Basic Methods of Training Deep Neural Networks (DNNs)

Acknowledgement: This course (CSCI 8980) is being offered by Prof. Ju Sun at the University of Minnesota in Fall 2020. Pictures of slides are from the course.

Training DNNs: Basic Methods and Tricks

Three Design Choices

figure1

  • Which activation at the hidden nodes?
  • Which activation at the output node (Identity function is ok)?
  • Which ?

Which activation at the hidden nodes?

figure2
Is the sign() activation good for derivative-based optimization?
No, for following two reasons:

  • derivative of sign activation in anywhere is 0

  • not differentiable at origin

But why the classic Perceptron algorithm converges?
Because perceptron algorithm is not a gradiaent descent algorithm.

What we want for activation:

  • Differentiable or almost everywhere differentiabkle
  • Nonzero derivatives (almost everywhere)
  • Cheap to compute

A positive example:
figure3

What about ?
figure4

  • It’s differentiable.
  • The gradient is similiar to sigmoid.

How about ReLU and ReLU’s variation?
figure5
figure6

  • ReLU and Leaky ReLU are the most popular
  • less preferred but okay; hypertan and sigmoid should be avoided
    What do you think of as activation, i.e, absulute value function? Acceptable.

Which activation at the output nodes?

Depending on the desired output:

  • unbounded scalar/vector output (e.g., regression): identity activation
  • binary classification with 0 or 1 output: e.g., sigmoid
  • multiclass classification: labels into vectors via one-hot encoding

Softmax activation:

Which loss?

figure7
In multiclass classification label smoothing section and in one-hot encoding, we normally get the a vector with and all other entries , but if we want to further turn our parameters, is not likely to be helpful. So, we will use a small instead of so that information can be used later.

Training Algorithms

Recall our optimization problem:

What happens when is large, i.e., in the “big data” regime?
figure8
There is a intersting graph above. The GPU listed above is RTX 8000, which has 48G VRAM and around $5000 by the time of this blog. However, comparing to large dataset like MIMIC and ImageNet, it’s still really tiny little small.

How to get around the storage and computation bottleneck when is large?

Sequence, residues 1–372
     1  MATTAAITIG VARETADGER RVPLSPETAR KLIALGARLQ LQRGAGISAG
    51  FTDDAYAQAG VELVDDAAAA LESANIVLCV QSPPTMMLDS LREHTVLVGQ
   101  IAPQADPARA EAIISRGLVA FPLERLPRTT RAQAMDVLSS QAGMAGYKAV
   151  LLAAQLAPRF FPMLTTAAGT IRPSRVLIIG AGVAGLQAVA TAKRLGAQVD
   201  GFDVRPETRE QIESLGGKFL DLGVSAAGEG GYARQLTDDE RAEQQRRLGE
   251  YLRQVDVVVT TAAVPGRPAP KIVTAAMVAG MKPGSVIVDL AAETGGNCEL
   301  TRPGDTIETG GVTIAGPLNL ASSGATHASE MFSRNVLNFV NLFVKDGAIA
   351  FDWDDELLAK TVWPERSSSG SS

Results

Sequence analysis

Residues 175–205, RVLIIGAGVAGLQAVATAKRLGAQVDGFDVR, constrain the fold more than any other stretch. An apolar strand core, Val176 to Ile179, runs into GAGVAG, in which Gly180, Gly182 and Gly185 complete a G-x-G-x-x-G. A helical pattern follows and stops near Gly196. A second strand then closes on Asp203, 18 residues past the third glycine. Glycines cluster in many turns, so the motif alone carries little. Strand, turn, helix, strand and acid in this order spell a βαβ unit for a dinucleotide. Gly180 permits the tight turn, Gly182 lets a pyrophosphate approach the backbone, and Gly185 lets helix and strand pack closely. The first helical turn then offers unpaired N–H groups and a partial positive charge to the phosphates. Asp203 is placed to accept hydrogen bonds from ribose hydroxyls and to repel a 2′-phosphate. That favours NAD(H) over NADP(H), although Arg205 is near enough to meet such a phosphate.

Idea: use a small batch of data samples to approxiamate quantities of interest

  • gradient:
    approximated by stochastic gradient:

for a random subset , where

Stochastic Gradient Descent (SGD)

In general, suppose we want to solve

Idea: replace gradient with a stochastic gradient in each step of GD
figure12
is a redrawn in each iteration. In traiditional SGD , and the version presented is also called mini-batch gradient descent.

What’s an epoch?

  • Canonical SGD: sample a random subset each iteration–sampling with replacement.
  • Practical SGD: shuffle the trainng set, and take a conscutive batch of size B (called batch size) each iteration–sampling without replacement one pass of the shuffled training set is called on epoch
    figure9

GD vs SGD

Consider , where , ,
figure10
Having observed that SGD converges to the same value as GD, but why it seems like left graph SGD is slower than GD? That’s just a illusion, we should look at the right graph, because the right graph is about each epoch. For SGD, going through the entire dateset is going through one epoch.

  • By iteration: GD is faster
  • By iter(GD)/Epoch(SGD): SGD is faster
  • Remember, cost of one epoch of SGD cost of one iteration of GD!

Overall, SGD could be quicker to find a medium-accuracy solution with lower cost, which suffices for most purposes in machine. More on the reference below:
figure13

Step Size (Learning Rate (LR)) for SGD

Classical theory for SGD on convex problems requires

Practical implementation: diminishing , e.g.:

  • delay: , : tunable parameters, : iteration index
  • exponential delay: , : tunable parameters, : iteration index
  • staircase delay: start from , divide it by a factor (e.g., 5 or 10) every (say, 10) epochs–popular in practice. Some heuristic variants: